You would think that if you kept your bike chained to a post inside a locked garage beneath your townhouse complex, it would be well-enough secured that you don’t have to worry about it being stolen.

You’d be wrong.

0 Responses to “FUCK.”

  1. wshaffer

    Seriously? That really sucks.

  2. lowellboyslash

    What? How? Did they cut the lock?

    • Marie Brennan

      Broke the door into the garage, and then cut through the chain holding the bike.

      We’re just lucky they didn’t take ‘s bike, too; it was chained right next to mine. But either they were in a hurry or its position was less convenient (it’s chained right up against the pillar; mine was on a longer lead because there isn’t really space for them both against the pillar), because his is still there.

  3. moonandserpent

    Inside a locked garage?

    That sucks. My condolences.

  4. alecaustin

    That sucks. I’ve had roommates get their cars vandalized inside locked apartment complex garages before, and that kind of thing is never fun.

  5. oneminutemonkey

    Seriously, just what the fuck. There’s not much you can do when they’re that determined. At least you can demonstrate that you took every reasonable precaution, short of sleeping with it under your pillow.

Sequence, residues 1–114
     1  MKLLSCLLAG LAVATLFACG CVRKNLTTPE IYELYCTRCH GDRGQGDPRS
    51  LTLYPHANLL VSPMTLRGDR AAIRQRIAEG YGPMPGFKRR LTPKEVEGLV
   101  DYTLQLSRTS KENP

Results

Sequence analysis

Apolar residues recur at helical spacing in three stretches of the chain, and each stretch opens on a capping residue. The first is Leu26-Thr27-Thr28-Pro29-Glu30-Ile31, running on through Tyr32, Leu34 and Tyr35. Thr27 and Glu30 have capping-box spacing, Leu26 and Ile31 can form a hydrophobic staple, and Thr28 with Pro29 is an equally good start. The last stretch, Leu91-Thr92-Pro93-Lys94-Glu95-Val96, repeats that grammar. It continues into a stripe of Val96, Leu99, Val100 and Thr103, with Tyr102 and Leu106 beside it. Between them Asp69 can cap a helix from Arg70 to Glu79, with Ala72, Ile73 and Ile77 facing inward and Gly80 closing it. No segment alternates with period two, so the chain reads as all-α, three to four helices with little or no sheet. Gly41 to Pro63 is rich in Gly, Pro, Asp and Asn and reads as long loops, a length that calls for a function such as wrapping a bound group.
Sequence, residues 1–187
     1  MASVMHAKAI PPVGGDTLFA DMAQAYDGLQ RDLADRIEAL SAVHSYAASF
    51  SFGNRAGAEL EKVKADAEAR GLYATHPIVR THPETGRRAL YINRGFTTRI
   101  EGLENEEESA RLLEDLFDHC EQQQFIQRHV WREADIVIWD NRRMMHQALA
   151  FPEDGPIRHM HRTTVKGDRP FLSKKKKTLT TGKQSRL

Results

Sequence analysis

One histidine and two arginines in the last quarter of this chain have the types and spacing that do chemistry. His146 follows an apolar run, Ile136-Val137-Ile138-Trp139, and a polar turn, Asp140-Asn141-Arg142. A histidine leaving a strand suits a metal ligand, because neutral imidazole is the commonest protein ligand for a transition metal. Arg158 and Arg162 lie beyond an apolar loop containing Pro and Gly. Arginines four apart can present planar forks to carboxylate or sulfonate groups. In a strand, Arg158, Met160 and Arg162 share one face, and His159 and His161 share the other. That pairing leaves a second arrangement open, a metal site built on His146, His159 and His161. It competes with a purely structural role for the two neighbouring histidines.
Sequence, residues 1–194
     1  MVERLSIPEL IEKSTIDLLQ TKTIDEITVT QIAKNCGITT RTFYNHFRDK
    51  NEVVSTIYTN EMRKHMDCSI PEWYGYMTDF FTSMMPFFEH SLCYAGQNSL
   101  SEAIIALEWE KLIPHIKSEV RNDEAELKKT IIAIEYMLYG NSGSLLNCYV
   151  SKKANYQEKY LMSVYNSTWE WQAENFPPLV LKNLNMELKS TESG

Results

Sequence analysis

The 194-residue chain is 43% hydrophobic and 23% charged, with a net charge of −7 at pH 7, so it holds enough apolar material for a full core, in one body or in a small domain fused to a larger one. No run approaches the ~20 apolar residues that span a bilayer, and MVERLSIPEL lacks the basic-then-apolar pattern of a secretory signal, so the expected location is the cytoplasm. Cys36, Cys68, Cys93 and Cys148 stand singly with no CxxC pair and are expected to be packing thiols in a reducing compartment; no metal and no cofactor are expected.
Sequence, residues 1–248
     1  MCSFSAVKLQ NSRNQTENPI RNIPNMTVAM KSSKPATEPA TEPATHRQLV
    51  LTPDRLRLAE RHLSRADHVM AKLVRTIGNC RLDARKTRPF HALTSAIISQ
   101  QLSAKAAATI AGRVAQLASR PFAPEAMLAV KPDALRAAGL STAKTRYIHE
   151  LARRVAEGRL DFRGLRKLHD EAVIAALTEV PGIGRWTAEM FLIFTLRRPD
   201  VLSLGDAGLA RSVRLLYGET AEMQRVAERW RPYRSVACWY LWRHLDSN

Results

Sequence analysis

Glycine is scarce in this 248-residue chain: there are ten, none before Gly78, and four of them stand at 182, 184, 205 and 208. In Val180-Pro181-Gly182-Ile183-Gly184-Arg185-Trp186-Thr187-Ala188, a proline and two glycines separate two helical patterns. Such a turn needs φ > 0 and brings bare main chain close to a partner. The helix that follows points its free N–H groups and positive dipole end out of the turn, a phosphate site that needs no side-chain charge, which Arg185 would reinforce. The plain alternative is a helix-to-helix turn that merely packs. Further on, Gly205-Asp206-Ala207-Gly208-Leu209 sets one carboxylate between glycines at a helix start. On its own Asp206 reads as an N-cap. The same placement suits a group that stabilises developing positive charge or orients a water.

Sorry to hear this.

    • Marie Brennan

      I’m trying not to be bitter at the owners of all the other bikes chained up in the garage that didn’t get stolen. I guess mine was just the wrong combination of nice and near the door.

  6. kateelliott

    Whoa. Wow. Sorry. That really sucks, and man, you must be pissed off.

  7. green_knight

    Comiserations – there’s not a lot more you *could* do. Some people are bastards.

  8. electricpaladin

    That sucks. You have all my sympathy.

    By the way, according to my wife the shrink, being robbed is genuinely traumatic and replacing stolen items can actually be therapeutic. So, you know, if you need an excuse to replace that bike right away, you can always call it a mental health expense.

    • Marie Brennan

      I’ll probably do it soon — as I’ve begun using my bike regularly to run errands — but not immediately. Right now, my mood is such that shelling out cash for a new bike will only piss me off more. >_<

  9. mariness

    Oh, crap.

    I really hate this sort of thing, and hate it even more when thieves target needed transportation. (Yes, you might just be using the bike for fun and exercise, but they had no way to know that.)

  10. akashiver

    That sucks. I’m really sorry. 🙁

  11. d_aulnoy

    Daaaaaaaaaamn, people can be douches sometimes. If the complex has insurance/if you guys have renter’s insurance, perhaps it might be covered?

  12. starryniteynite

    That sucks! I’ve had the same thing happen to me too. I’ve found that taking off the front wheel is the only thing that keeps it from happening.

    BTW, I have a bike I’m not using, if you want to borrow it until you replace yours.